Nobody at Kirby but us chickens…

March 8, 2012

Some days it’s impossible not to answer a question with another question.

In yesterday’s post about perks, Theo asked “whether corporate boards are overseeing major publicly traded companies or a house full of teenagers.” That led to today’s question, which explores the assumption that directors oversee much at all. In fact, after studying the proxy that the Kirby Corporation (KEX) filed yesterday, we found ourselves wondering whether the directors are really human or perhaps are, instead, nattily-attired members of the Vulpes vulpes (red fox) species.

Our query is tied to a number of sizable “Related Person” transactions that Kirby has with its directors and its former Chairman of the Board. Kirby, of course, is a tank barge operator that transports bulk liquid products up and down the Mississippi River and along other U. S. coastlines. It also owns a few barge and tug units, has another segment of the business devoted to diesel engines, and also expanded into oil and gas exploration and development. With 2,975 employees and a current market cap of about $3.8 billion, it’s big, but not huge.

It does, however, own half of a hunting and fishing facility known as “The Hollywood Camp,” and this is where things get interesting. Way back in 1999, Kirby merged with another inland tank barge company, Hollywood Marine, Inc., whose owner, C. Berdon Lawrence, ascended to Chairman of the Board of Kirby after the deal closed.

There’s no mention of Kirby’s related party transactions with Lawrence until the 2002 proxy, when Kirby disclosed that it owned a 25% stake in a “hunting facility used by the Company and two other members primarily for customer entertainment.” Another 25% owner – a company owned by then-Chairman Berdon Lawrence – acted as manager of the camp. At the time, Hollywood Camp leased the right to hunt on land owned by Lawrence and others, and Kirby paid $679,000 for doing so. It paid Lawrence another $323,000 for “air transportation services” that his own company provided.

Fast forward through the next several years, during which Lawrence’s company’s name changed a few times to its current iteration of L3 Partners, LLC (referred to in the 2012 proxy as “L3P”). Lawrence retired as Kirby’s Chairman of the Board in April, 2010 and became its “Chairman Emeritus of the Board”, as well as a member of the Executive Committee. Hollywood Camp is now a hunting and fishing facility, and Kirby and L3P (remember, it’s owned by Lawrence) each own 50% of the place. The camp is managed by L3P. And – during 2011 – Kirby Corporation paid “$2,121,000 to The Hollywood Camp for its share of facility expenses.”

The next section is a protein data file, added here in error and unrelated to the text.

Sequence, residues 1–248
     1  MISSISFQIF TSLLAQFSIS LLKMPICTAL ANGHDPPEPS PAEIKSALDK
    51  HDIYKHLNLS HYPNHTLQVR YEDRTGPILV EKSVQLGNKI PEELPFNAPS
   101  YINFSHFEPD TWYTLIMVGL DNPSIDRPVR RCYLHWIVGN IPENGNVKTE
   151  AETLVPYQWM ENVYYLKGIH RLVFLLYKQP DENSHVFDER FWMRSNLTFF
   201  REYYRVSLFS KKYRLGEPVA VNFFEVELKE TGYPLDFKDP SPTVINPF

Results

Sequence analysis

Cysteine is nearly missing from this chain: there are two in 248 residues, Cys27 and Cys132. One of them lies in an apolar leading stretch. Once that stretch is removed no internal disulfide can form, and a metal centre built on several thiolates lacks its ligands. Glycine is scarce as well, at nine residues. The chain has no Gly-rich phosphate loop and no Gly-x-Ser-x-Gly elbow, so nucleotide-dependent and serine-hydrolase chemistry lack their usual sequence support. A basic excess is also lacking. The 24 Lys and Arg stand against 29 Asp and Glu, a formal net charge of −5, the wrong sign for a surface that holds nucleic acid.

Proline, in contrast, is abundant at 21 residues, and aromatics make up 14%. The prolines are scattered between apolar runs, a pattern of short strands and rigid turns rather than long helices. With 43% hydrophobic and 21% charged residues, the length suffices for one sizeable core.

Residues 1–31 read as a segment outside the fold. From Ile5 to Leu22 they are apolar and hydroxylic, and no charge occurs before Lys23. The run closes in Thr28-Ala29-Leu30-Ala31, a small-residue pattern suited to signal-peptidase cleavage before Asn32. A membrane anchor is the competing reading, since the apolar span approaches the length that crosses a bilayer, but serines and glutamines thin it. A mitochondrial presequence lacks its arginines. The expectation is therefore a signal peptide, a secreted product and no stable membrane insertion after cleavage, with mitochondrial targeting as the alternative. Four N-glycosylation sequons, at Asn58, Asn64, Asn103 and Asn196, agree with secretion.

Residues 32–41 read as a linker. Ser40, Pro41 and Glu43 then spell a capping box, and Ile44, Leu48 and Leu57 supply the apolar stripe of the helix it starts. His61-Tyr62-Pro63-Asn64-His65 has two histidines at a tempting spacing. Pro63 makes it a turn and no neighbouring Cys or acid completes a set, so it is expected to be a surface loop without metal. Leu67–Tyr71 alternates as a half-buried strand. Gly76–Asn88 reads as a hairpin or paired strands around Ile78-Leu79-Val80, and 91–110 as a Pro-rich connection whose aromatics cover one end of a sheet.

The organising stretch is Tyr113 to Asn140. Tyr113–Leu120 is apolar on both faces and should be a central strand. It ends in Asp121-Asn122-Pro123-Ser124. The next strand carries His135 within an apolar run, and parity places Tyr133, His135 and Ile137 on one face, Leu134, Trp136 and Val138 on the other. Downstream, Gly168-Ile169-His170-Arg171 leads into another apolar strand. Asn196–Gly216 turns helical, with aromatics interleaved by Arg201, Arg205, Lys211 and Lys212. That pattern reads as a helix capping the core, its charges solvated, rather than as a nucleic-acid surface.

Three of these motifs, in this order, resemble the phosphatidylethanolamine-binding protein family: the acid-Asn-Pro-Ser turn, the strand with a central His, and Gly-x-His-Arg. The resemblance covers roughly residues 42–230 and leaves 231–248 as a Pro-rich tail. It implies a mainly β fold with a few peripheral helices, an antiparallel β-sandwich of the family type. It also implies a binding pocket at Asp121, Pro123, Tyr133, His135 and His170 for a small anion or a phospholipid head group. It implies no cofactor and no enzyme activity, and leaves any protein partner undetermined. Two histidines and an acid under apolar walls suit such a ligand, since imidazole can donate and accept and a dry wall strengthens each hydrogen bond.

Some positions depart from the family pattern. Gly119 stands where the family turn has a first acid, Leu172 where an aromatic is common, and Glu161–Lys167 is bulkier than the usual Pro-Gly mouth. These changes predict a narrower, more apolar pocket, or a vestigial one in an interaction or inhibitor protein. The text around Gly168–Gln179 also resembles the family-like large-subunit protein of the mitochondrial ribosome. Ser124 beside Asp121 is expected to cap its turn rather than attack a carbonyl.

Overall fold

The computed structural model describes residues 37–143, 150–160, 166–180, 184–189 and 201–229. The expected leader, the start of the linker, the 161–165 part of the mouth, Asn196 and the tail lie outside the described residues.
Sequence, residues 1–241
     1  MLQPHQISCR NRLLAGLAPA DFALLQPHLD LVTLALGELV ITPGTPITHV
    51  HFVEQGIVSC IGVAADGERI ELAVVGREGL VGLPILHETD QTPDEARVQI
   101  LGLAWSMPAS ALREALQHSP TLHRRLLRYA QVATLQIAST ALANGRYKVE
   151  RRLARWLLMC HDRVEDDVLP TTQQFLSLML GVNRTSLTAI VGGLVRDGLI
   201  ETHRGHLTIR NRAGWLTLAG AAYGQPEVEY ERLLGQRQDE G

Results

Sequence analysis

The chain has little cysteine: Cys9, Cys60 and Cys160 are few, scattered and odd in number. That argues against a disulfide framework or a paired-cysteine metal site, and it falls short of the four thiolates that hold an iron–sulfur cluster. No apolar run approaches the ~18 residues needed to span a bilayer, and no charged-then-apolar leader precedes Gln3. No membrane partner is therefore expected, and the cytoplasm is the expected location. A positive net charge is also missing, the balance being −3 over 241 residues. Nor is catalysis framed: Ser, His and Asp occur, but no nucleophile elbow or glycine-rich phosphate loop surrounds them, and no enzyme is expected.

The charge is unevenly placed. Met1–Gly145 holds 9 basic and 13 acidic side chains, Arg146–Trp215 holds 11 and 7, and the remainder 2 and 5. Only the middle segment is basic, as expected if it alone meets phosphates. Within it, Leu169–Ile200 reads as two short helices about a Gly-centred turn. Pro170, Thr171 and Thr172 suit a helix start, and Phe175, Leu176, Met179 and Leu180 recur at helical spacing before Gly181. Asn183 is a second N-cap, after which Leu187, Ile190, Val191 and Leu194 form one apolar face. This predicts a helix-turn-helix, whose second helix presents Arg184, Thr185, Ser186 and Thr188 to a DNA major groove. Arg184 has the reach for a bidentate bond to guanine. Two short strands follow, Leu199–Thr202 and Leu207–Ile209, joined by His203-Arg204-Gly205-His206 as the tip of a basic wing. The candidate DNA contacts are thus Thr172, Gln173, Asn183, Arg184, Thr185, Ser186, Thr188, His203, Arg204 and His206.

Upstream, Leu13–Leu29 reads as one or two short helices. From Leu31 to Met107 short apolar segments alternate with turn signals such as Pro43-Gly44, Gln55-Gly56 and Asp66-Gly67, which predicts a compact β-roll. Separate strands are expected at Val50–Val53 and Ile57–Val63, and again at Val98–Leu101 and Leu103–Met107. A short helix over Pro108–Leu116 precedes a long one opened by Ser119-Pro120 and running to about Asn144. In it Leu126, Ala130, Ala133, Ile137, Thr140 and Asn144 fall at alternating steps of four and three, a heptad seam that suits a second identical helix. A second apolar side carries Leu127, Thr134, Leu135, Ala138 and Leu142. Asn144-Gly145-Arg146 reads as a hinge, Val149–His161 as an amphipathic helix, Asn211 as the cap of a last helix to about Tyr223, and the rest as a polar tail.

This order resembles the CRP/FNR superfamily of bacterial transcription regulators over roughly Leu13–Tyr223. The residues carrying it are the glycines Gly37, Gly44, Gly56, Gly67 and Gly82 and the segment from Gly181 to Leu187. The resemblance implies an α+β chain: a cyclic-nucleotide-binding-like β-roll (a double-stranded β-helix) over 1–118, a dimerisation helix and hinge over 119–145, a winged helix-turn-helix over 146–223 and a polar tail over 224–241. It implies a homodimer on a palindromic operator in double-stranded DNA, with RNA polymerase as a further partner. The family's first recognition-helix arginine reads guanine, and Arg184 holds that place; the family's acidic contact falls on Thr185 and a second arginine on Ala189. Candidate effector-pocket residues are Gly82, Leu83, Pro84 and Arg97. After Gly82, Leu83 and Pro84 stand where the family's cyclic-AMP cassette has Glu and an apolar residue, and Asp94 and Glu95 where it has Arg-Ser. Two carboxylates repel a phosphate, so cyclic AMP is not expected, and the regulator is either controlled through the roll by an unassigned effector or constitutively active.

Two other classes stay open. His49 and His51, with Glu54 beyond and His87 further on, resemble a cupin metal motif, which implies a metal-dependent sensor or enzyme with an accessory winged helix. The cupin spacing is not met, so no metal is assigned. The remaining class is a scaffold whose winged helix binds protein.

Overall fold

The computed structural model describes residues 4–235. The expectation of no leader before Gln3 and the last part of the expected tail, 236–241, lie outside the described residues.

There’s no mention of Kirby paying Lawrence for air transport services these days, but it is also paying “55 Waugh, LP, a partnership owned 60% by Mr. Lawrence and his family, $1,491,000 for the rental of office space in a building owned by 55 Waugh, LP.” That’s on a 10-year lease that expires at the end of 2015; the proxy discloses that the aggregate amount of rent paid will be more than $6.29 million.

And Chairman Emeritus Lawrence isn’t the only insider who is benefitting from Kirby’s related party transactions. Director Richard Alario is the chairman of the board, president, and CEO of a separate company that received $7,978,000 for oilfield service equipment, parts and service last year. Vice President of Legal, Amy Husted, is married to an attorney whose firm received $483,000 in legal fees last year. And a brother-in-law of Kirby’s vice president and controller, Ronald Dragg, owns half of a company that received $1,160,000 for shoreside facilities construction services in 2011. Kirby’s proxy notes that each of these transactions was arranged “in the ordinary course of business.”

Kirby is just one example of a company whose board is approving deals that benefit its own members and company executives. Of course, these are the people who are charged to run publicly-traded companies in a way that benefits all of the company’s owners (a/k/a, the shareholders), especially since they don’t have a voice at the boardroom conference table. But who’s watching the foxes while the foxes watch the chicken coop?

Image source: The artful fox in feathers, via Shutterstock

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